The Movie Waffler New Release Review - Martha Marcy May Marlene | The Movie Waffler

New Release Review - Martha Marcy May Marlene

Directed by: Sean Durkin
Starring: John Hawkes, Elizabeth Olsen, Sarah Paulson, Hugh Dancy

Two exciting new talents explode onto the screen in what could be the best American movie of the twenty-first century.
Regular readers of the site may think I don't like movies very much due to the poor reviews I give most new releases. The truth is the vast majority of what I consider great films were made before 1982, by film-makers who are either dead, have sold out, or have simply lost their talent. Looking at the year ahead there's simply nothing that gets me excited, I couldn't care less what the Coen brothers next movie will be, I have zero interest in the latest round of superhero movies. It often feels like movies just aren't made for me anymore. Until now.
This movie is a throwback to the independent American horrors of the seventies, made with a youthful brashness but also with a reverence and understanding of the history of cinema. While being one of the most original films for many a year, it finds time to reference movies like "Halloween", "Nashville", "Once Upon A Time In The West", "Marnie", "Leave Her To Heaven", "Blue Velvet" and "Shadow Of A Doubt". Unlike Tarantino and Hazanavicius, Durkin's obvious love of cinema never comes across as a lecture, the references are purely visual, and he certainly doesn't need to steal from another film's soundtrack.
To me the mark of a great director is economy, they should be able to make their point as quickly, simply, and quietly as possible. At the start of this we have a scene establishing the cult that Olsen later flees from. We see the male members eating a meal at a large table, then we cut to the females standing patiently in the kitchen, and cut again to the table where the females have now taken their place. With three shots, two cuts, and zero dialogue, in about twenty seconds Durkin tells us more about the group dynamic than some modern directors would convey in a half hour of pointless editing, strained camera moves, and clunky exposition. He uses the widescreen frame to create tension in a way I haven't seen since the heyday of John Carpenter. If you didn't know better you would swear this and "Halloween" were made by the same person. Like Carpenter, he intercuts between wide shots and tight close-ups to keep us in a state of paranoia. When the screen is full of empty space we worry about who might enter the frame, when all we can see is Olsen's face we worry about what might be lurking offscreen.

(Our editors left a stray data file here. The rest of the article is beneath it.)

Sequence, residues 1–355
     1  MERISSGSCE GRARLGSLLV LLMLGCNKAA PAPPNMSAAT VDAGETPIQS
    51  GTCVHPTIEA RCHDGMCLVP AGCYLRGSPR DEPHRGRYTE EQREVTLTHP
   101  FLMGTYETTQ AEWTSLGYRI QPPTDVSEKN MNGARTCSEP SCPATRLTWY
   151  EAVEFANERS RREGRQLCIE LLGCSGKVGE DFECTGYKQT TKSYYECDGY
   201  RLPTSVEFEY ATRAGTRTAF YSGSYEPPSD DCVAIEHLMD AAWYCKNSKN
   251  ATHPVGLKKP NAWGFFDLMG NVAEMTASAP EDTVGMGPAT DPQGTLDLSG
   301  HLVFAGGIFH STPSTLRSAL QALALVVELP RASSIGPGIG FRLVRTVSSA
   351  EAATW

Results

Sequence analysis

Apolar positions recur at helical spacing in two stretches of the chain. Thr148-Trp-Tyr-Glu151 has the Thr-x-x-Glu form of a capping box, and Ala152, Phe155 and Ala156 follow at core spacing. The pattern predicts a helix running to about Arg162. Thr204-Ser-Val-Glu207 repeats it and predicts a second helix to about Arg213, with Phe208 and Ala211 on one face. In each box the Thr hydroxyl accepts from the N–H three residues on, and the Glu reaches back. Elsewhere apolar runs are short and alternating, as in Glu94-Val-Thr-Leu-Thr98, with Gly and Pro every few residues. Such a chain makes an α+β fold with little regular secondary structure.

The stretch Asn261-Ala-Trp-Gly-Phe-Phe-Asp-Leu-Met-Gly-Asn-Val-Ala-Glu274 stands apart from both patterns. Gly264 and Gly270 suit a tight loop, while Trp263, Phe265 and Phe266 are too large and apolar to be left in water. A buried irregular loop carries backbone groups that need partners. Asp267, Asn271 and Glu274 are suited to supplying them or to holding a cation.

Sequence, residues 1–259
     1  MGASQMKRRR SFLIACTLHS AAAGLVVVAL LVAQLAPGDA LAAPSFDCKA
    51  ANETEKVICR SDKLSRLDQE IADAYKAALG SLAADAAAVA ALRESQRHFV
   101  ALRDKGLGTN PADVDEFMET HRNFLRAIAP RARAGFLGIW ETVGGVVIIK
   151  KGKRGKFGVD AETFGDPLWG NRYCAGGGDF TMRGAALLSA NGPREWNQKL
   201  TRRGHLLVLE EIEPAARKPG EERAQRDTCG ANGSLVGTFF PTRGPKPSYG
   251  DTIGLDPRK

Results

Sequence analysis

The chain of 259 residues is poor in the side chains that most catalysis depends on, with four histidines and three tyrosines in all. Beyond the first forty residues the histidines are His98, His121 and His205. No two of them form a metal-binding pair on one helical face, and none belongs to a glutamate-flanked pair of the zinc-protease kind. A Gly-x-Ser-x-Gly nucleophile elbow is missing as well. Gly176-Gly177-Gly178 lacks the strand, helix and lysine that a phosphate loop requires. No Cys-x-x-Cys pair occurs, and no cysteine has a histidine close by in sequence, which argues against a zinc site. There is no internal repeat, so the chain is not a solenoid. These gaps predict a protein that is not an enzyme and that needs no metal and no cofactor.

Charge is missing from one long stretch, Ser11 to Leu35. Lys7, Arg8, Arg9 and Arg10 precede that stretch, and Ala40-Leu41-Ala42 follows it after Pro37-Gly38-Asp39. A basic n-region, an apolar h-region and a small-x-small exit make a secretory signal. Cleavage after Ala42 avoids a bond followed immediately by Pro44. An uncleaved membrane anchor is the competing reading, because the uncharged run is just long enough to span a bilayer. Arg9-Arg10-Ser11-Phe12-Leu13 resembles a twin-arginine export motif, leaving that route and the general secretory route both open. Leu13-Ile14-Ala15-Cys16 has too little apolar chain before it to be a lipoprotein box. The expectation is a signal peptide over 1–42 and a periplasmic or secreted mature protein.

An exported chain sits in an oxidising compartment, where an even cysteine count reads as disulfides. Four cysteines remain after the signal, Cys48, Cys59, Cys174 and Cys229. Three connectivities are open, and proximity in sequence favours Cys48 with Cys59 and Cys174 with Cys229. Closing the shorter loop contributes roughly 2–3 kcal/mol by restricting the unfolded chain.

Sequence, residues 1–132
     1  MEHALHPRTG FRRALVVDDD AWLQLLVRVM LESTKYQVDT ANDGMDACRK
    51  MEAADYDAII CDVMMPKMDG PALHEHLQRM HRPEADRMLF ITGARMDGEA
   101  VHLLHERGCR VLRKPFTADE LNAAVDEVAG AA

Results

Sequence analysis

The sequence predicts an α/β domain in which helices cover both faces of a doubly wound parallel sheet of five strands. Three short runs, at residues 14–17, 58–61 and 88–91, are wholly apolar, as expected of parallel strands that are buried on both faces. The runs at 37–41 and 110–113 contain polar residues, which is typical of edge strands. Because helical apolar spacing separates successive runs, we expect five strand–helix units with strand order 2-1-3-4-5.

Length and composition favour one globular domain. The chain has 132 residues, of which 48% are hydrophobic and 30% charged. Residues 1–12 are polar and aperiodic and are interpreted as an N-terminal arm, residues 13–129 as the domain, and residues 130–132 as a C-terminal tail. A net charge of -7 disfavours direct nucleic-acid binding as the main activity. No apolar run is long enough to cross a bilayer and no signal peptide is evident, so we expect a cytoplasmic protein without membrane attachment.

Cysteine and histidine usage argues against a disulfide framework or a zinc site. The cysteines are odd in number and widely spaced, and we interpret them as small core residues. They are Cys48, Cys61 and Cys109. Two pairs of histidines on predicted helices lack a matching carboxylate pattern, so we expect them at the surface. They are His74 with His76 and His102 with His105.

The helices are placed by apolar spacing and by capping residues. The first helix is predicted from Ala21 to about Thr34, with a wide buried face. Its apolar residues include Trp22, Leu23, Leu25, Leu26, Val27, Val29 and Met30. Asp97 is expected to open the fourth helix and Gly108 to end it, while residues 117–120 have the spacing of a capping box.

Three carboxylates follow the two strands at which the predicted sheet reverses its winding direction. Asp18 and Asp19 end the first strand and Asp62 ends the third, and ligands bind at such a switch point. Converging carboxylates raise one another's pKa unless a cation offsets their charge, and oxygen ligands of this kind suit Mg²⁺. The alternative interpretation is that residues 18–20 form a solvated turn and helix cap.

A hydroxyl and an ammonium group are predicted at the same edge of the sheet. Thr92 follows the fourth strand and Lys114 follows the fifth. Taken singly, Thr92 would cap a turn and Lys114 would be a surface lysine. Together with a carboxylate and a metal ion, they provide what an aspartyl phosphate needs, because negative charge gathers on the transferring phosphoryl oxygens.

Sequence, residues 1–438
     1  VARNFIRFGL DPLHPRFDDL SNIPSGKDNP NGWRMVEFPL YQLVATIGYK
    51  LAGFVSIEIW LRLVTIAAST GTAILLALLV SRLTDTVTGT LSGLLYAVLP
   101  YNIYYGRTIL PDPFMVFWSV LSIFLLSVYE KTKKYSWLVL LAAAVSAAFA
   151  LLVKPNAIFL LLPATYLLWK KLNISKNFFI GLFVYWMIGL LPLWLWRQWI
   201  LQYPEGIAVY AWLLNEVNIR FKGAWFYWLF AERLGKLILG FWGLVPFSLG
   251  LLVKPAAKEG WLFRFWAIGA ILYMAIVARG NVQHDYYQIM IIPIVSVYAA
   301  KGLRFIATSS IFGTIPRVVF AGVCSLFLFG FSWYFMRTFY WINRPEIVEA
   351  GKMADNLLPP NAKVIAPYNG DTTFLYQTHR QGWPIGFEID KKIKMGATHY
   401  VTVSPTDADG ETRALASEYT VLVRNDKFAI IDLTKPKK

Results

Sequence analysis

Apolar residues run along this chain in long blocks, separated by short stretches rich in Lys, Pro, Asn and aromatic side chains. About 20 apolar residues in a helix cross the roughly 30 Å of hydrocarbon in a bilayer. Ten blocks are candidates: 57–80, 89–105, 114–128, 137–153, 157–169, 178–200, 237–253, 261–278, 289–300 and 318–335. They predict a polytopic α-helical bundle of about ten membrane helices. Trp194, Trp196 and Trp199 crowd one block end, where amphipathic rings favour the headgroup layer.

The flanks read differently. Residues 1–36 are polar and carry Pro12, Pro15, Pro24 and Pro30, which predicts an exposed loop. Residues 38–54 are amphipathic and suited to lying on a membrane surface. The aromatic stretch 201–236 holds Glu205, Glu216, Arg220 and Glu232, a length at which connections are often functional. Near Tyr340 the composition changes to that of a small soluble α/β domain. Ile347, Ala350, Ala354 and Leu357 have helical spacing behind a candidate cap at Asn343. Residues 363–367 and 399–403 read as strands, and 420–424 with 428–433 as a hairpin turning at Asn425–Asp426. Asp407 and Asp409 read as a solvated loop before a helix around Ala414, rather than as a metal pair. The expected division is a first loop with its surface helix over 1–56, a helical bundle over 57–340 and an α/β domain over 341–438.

The real genius of Durkin is that he exploits our expectations of the suspense genre but never gives in to them, the viewer is often allowed to fill in the blanks with our own ideas and prejudices. When you're dealing with a character who is ultra charismatic it can often be a problem. What if the audience don't find Hawkes convincing as someone who could seduce people to follow every whim? Durkin wisely chooses to start his story after that point, Hawkes is already in control and we can form our own theories as to how he got there. The last time I saw a debut this assured was Vincent Gallo's "Buffalo 66" all the way back in '98. Hopefully Durkin will have a better career than Gallo though.
If it wasn't enough for one exciting talent to emerge from this, we also get Elizabeth Olsen, younger sister of the infamous twins. Her performance is one of the most natural I've seen from any actress, of any age, she's realistically disturbed without resorting to hysterics. I just hope she sticks to her guns and doesn't get sucked into the romantic comedy vacuum.
The American release of this qualifies it for Oscar contention and it's snubbing is nothing short of a disgrace. If this doesn't end up as my favourite film of 2012 then it will have been one hell of a year.
Martha Marcy May Marlene (2011) on IMDb 7.0/10